9. Copyright, Permissions and Access: Familiarize yourself with the copyright and permissions policies of the journal, including guidance on published article reuse by authors and others. Some journals/publishers assist authors in fulfilling funder open access mandates by depositing the accepted version of their article in a designated public repository within the required time period.
  10. If Your Article is Rejected: Read the reviews carefully. Consider the reasons provided. Either plan to rewrite/resubmit or plan to resubmit elsewhere.






Librarians doing research, PhDs etc

Thursday, August 10, 2017

The Journal Editor's Perspective - JOLIS

Guest post by 

@AnneGoulding


Previous Editors have provided some sound advice in the Top Tips from journal editors section, so I’ll just pick up on a few points in the context of submitting to JOLIS. 

1.    Guidelines:  Firstly, reading the Guidelines for Authors carefully is a must.  Not only will this help you prepare your manuscript in the correct format but the Guidelines also indicate the scope of the journal and whether your paper will be a good fit.  Take a look at previous issues and the “About” page on the journal homepage to check this out, too.  Two basic items you should look out for when formatting are anonymity – ensure there’s no identifying information including self-citations; and referencing – please use the house style.
2.    Implications of the research: For JOLIS, the practical implications of any research for library and information services is very important. These should be highlighted in the Introduction, with an explanation of the practical problem or issues the research is investigating, and the Discussion/Conclusion which should draw out lessons to be learnt and how the research contributes to practice.  Case studies from one country or even one institution are acceptable but you need to spend some time in your paper discussing the relevance of your findings for a wider, international audience and for library or information service practice more generally.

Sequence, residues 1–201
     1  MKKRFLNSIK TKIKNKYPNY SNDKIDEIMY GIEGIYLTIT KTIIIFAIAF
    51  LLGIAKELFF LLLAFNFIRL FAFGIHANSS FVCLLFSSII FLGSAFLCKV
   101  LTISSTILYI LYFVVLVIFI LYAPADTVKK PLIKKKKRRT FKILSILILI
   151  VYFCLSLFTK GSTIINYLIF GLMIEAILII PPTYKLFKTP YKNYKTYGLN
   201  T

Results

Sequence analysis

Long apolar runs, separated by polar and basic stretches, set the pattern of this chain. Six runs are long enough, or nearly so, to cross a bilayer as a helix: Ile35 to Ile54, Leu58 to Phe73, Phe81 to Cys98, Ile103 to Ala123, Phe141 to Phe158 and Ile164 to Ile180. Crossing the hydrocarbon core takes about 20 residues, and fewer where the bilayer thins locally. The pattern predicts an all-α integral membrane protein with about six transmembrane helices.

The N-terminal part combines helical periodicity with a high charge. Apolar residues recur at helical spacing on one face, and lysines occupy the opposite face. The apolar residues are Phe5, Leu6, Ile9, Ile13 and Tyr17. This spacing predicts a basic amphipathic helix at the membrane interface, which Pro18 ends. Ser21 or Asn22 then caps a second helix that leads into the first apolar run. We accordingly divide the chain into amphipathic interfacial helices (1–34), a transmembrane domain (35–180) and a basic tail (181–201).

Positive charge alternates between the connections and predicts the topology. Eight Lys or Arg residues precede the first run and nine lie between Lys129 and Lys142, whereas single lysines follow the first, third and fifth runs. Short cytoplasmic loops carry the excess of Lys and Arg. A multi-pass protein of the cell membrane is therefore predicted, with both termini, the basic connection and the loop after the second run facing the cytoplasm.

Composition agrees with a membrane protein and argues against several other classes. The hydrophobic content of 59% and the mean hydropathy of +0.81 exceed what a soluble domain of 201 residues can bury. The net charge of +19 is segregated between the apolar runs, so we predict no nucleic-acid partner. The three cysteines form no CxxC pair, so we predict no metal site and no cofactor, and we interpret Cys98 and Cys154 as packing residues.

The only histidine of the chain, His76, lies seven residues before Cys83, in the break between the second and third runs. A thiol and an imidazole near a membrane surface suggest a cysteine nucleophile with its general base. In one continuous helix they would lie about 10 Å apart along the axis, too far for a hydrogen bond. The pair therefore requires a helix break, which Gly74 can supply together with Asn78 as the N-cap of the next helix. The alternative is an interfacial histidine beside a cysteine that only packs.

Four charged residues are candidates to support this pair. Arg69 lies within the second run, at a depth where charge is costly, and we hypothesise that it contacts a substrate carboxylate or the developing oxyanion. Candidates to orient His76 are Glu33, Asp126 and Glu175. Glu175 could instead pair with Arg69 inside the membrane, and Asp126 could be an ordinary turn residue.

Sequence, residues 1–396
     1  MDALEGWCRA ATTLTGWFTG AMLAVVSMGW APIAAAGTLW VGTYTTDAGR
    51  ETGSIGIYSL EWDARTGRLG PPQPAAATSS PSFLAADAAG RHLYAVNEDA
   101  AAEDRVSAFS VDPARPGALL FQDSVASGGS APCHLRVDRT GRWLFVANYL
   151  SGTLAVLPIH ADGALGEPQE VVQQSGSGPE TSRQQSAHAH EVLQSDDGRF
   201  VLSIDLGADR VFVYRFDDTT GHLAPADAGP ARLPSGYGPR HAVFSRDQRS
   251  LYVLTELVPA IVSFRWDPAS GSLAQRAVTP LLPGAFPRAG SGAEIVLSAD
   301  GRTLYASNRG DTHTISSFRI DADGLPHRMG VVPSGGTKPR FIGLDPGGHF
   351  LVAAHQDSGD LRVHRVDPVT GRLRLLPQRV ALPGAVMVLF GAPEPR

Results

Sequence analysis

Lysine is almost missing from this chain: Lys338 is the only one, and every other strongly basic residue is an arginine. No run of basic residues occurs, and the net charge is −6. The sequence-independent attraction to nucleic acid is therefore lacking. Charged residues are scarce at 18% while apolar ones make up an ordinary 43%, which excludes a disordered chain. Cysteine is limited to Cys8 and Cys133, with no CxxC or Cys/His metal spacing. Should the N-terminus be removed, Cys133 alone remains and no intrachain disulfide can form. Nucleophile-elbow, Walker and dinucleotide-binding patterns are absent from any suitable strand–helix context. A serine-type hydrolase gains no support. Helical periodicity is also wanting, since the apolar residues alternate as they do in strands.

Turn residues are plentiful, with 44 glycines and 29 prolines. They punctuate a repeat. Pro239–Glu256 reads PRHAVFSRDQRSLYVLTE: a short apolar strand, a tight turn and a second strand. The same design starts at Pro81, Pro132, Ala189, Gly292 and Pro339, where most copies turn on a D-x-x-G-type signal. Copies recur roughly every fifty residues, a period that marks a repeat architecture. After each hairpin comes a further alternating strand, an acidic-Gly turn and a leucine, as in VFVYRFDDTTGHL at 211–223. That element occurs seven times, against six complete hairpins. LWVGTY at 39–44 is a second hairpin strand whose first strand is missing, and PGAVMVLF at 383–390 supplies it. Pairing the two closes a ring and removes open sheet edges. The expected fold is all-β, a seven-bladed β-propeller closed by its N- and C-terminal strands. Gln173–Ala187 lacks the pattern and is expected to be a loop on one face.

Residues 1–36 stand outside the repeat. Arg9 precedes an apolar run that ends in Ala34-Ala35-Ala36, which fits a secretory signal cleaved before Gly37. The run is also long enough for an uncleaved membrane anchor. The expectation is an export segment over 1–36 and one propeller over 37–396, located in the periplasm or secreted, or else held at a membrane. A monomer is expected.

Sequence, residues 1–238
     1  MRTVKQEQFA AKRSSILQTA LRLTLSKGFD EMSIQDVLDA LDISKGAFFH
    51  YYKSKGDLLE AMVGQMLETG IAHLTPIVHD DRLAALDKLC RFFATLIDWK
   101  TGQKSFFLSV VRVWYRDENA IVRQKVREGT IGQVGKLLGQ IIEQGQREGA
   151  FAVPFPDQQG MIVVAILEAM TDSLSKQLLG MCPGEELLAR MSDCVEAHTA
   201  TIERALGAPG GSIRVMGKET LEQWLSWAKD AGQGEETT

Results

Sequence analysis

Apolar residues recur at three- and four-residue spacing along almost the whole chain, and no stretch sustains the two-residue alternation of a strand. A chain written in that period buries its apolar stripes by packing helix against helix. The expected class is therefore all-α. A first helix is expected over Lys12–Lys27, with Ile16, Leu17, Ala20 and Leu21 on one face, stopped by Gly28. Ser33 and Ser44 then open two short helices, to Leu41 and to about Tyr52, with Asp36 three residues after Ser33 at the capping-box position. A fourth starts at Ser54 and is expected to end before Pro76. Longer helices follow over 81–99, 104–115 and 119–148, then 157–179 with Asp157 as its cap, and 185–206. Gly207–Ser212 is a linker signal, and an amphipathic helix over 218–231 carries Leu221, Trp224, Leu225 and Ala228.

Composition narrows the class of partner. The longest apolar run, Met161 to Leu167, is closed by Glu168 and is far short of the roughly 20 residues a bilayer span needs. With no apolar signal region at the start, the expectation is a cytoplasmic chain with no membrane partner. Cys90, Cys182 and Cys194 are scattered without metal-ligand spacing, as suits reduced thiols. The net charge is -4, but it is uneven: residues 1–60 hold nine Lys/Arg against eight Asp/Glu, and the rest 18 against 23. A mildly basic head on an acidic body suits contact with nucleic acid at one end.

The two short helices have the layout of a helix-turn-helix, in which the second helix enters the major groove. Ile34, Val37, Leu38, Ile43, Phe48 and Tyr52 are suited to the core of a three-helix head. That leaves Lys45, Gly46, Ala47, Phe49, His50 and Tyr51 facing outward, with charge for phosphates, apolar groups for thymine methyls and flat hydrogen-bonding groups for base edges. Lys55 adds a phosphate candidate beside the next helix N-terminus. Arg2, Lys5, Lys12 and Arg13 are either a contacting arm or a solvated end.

3.    Literature review: We also expect a thorough and critical literature review so that we can see that authors have engaged with relevant theory and the body of knowledge in our discipline and often beyond.  The literature review should be a thematic synthesis of previous work, not just a listing of previous studies and their findings one by one.  Again, the Conclusion should indicate how the work adds to our knowledge and understanding of the topic and, if appropriate, how it builds on or contributes to relevant theory.  It’s also a good idea to cite relevant work from the journal to which you are submitting!  It shows that you are familiar with the journal and have thought about the best outlet for your paper.
4.    Communication: We welcome submissions from around the globe. JOLIS is committed to publishing the best international research but please ensure that if you are not writing in your own language that your work is thoroughly proofread and copyedited before submission.  We can’t do this for you and if the quality of communication is poor, you run the risk of your paper being a desk-reject, i.e. rejected before peer review.  Most journal publishers offer editing services, although you generally have to pay for these.

5.    Reviewers’ Comments: Finally, I echo the thoughts of previous posts; please don’t feel affronted by the comments of reviewers.  I know (as an author myself) that it’s difficult not to be dismayed at negative comments on your carefully crafted piece.  But remember, incredibly few papers are accepted without some kind of revision and reviewers are genuinely trying to offer you constructive guidance so you can make your paper even better!